Anchal Tiwari, a student of class eight from Pehladpur, is learning music at Gurukul. She credits the project for her confidence as she can express her feelings here without any judgement.
While she always liked writing poems, 13-year old Arpita Tiwari felt more validated about her habit of penning down her feelings after attending reflection sessions at Nazariya. Her poem, Pyaar (love), which she feels is a milestone in her protest against the communal mindset that dismisses a girl’s feelings related to affection and fondness.
The occasional celebrations by the groups have poetry, street plays, dance, and music addressing real-time issues of the community. Over 150 residents have attended separate open mics and ceremonies by members of the projects including the parents, informed Jyoti.
“The amount of love my Chanda has received from Gurukul and her school is massive,” said Maida Begum, the mother of 16-year-old Chanda Parveen, who has been raising funds for Gurukul's expansion, supporting Jyoti with event management and participated in music and dance sessions at Gurukul.
She believes that the children organising events is key to their rising confidence. But ever since other parents in the community have seen the impact, she revealed, they are more confident of their daughters and flexible when children come home late at night.
A very unusual movement that it is for Prahladpur, the girls have often faced hurdles on their path but nonetheless, Jyoti talks how they have to increase the impact.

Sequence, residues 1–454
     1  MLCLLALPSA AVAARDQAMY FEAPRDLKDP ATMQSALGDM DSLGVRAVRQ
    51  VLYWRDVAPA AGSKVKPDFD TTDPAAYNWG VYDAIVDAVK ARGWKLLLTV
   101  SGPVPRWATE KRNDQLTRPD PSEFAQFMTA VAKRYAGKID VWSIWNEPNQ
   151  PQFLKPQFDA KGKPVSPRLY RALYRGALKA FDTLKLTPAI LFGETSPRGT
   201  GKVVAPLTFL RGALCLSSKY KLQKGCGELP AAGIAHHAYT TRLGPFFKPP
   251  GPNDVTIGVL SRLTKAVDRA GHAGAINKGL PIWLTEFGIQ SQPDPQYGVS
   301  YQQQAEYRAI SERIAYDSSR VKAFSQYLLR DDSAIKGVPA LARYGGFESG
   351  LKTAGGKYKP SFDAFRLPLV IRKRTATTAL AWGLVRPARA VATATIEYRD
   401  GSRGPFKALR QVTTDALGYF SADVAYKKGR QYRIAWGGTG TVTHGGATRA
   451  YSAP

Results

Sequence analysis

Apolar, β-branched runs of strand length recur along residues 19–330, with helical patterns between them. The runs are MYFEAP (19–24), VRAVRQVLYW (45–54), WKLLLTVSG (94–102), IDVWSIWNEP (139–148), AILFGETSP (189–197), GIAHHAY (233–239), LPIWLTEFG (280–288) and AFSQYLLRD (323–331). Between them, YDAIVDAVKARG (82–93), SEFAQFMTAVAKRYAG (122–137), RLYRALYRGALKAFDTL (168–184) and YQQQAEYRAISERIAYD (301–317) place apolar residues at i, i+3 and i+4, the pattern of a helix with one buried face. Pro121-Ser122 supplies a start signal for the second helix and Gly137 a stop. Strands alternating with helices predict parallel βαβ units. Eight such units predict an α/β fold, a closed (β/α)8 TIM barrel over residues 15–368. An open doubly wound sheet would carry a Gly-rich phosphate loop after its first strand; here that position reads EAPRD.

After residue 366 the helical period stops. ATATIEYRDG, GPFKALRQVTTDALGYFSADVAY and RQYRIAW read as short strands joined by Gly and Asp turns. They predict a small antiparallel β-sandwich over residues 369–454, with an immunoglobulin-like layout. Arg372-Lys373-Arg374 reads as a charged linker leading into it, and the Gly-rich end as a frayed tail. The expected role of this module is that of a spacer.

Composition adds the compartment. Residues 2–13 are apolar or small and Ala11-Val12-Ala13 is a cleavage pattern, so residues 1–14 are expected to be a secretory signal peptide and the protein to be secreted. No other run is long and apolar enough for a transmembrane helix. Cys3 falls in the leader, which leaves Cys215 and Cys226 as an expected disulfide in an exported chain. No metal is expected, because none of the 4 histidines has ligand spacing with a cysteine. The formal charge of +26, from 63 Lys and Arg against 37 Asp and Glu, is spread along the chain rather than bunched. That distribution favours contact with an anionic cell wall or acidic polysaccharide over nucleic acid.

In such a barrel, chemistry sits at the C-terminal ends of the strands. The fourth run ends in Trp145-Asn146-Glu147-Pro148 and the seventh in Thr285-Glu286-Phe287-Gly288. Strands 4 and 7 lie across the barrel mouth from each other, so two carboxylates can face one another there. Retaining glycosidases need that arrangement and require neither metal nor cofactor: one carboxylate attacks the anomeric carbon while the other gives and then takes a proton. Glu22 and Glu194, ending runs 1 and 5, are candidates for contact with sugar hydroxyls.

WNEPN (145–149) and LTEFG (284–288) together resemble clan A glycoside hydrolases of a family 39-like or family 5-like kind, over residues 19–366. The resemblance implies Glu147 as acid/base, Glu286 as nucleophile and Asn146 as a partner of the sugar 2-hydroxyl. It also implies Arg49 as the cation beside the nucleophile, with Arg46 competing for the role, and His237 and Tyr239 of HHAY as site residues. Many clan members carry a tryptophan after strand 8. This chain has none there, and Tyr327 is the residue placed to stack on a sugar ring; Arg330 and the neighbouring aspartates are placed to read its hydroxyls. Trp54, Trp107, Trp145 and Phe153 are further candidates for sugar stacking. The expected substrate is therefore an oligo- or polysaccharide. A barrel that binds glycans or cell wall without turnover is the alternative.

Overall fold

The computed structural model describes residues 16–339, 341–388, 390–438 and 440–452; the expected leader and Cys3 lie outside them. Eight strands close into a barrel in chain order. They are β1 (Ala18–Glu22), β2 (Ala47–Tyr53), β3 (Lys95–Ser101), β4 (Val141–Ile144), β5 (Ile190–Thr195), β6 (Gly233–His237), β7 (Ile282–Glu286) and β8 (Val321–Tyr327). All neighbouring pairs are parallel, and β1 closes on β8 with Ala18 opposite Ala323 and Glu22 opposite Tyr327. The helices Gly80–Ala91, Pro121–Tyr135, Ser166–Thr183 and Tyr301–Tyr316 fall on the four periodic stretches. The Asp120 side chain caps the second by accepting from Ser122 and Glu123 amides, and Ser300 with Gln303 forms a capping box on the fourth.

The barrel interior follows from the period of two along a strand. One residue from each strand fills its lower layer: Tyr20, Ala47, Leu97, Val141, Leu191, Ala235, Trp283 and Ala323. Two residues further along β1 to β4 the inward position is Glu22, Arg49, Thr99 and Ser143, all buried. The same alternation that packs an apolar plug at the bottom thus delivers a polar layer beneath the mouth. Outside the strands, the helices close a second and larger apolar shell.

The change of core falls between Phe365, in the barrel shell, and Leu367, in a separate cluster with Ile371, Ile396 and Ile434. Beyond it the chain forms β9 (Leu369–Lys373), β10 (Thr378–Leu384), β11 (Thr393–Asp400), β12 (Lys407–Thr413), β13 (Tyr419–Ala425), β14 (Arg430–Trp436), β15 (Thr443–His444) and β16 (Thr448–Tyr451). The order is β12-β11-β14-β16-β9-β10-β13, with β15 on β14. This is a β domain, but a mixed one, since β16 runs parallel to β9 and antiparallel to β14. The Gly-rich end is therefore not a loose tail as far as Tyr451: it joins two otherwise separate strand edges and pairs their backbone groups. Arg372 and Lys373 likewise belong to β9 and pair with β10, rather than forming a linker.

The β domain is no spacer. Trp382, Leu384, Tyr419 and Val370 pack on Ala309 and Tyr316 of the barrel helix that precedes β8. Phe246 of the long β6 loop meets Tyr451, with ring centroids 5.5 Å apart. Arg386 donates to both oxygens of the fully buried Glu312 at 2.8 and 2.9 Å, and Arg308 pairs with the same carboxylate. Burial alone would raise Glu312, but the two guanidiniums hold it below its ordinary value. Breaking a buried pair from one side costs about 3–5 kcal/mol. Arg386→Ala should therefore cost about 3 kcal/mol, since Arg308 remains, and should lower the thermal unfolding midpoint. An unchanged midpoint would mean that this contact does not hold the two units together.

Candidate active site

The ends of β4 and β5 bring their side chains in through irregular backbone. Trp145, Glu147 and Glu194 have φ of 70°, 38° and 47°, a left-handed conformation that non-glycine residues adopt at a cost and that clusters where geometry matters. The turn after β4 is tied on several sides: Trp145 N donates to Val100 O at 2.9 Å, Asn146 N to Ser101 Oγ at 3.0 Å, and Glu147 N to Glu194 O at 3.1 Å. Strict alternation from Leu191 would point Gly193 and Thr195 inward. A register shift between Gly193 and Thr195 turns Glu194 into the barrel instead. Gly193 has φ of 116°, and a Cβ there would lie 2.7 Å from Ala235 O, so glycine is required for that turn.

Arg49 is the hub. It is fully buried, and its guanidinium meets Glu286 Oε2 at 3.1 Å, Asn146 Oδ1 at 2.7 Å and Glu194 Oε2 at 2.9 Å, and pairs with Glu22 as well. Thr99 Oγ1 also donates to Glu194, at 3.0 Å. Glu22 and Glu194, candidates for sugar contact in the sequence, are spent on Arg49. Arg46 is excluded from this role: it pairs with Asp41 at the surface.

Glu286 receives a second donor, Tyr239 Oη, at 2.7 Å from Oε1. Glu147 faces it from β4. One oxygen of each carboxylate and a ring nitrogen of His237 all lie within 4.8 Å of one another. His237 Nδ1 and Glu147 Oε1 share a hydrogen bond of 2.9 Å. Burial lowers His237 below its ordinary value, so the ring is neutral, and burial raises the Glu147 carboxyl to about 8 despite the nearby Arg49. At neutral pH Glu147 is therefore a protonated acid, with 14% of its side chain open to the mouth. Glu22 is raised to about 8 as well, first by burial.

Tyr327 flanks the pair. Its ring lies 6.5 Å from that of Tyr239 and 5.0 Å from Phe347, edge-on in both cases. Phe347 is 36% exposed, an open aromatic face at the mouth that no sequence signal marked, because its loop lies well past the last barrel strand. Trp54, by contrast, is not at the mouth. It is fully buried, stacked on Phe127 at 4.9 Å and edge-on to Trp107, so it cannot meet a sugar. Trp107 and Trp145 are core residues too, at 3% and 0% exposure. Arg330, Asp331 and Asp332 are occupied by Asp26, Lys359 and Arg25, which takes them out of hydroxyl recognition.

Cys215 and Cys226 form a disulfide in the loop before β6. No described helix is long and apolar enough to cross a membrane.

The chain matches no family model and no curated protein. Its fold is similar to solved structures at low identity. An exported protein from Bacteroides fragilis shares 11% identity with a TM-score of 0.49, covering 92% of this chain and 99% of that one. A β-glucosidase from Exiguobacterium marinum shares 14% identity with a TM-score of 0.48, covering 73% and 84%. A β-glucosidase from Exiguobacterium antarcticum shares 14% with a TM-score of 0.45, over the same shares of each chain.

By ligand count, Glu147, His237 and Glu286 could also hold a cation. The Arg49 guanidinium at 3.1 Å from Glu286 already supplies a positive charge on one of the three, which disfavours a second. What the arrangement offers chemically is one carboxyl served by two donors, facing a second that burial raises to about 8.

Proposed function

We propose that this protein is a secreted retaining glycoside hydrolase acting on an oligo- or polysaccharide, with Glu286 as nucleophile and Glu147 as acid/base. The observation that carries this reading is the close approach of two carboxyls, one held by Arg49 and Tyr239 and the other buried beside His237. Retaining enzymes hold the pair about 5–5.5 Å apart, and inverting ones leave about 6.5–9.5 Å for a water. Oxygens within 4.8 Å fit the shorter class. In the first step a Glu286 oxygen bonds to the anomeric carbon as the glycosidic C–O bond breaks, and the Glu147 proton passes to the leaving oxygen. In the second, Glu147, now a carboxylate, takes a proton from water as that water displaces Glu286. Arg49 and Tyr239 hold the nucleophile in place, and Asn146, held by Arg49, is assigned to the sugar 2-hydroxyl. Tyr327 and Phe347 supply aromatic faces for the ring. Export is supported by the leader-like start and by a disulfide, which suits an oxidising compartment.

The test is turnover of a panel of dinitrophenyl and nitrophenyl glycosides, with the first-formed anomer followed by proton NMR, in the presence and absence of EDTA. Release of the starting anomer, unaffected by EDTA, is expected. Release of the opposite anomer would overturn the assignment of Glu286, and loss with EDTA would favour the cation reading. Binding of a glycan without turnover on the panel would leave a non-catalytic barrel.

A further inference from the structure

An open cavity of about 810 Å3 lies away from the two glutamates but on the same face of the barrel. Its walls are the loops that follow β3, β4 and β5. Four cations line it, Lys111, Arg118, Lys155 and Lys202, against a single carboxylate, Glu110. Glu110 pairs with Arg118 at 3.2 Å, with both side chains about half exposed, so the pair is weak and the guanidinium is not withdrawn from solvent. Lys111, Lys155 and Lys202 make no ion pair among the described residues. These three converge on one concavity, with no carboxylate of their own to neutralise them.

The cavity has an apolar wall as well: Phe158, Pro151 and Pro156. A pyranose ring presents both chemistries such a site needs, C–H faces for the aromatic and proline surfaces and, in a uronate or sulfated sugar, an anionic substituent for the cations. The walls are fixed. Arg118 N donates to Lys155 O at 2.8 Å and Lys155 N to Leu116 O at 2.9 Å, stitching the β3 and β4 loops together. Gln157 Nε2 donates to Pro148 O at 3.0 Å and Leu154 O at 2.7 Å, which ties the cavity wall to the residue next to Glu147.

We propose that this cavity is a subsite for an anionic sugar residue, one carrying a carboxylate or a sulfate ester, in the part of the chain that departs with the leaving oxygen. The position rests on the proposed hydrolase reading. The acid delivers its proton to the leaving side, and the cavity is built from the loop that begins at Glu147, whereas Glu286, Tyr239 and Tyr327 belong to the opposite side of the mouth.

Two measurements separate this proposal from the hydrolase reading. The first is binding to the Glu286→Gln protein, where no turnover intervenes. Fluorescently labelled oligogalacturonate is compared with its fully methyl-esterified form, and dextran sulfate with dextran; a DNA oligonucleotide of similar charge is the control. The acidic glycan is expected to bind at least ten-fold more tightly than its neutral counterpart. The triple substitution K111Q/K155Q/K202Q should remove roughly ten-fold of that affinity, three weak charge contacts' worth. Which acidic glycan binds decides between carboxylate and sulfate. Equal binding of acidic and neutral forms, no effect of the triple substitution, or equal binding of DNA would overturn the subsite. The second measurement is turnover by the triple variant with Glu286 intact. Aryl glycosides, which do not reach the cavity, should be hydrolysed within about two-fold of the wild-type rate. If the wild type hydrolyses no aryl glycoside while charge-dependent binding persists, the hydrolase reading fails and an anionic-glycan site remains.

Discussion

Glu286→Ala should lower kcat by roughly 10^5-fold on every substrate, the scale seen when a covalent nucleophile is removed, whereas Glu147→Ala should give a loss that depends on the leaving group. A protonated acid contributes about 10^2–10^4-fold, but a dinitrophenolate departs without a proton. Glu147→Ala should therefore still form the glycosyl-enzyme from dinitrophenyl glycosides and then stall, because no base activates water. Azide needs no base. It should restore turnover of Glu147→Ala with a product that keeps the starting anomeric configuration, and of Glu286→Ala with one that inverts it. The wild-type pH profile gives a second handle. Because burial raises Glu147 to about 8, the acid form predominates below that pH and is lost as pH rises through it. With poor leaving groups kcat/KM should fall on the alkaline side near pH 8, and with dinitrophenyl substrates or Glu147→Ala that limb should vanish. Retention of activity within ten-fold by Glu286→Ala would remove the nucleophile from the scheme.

Gurukul is planning to expand to more communities so that they can benefit the entire cluster surrounding the community, revealed Jyoti. Nazariya, on the other hand, talks about deepening the magnitude of its impact within the community of Prahladpur to erase gender biases from the community.
Nandini mentioned that members of Nazariya are now conducting surveys in Prahladpur on gender gaps and their solutions. They are also slated to conduct one-day workshops in different schools of New Delhi with the help of an NGO. Nazariya also has a YouTube channel where upload content relevant to sensitisation towards marginalised communities.
Empowering Women in India: Need for a Feminist Agenda, a paper by Devendra Kothari—a population and development analyst—argues that legal measures and policing will help reduce crimes against our women, but the only thing that can eliminate patriarchy is women-centred ownership of opportunities and change in mindsets.
As the session is coming to an end, “What is the worst possible name you have seen people using for a woman?”, Nandini asked again. The girls start throwing responses—‘prostitute’, ‘slut’ and ‘whore’.
Finally, as these adolescents attempt to sensitise the world against inequality, the sound of a feminist tale popping in a cauldron can be heard nearby.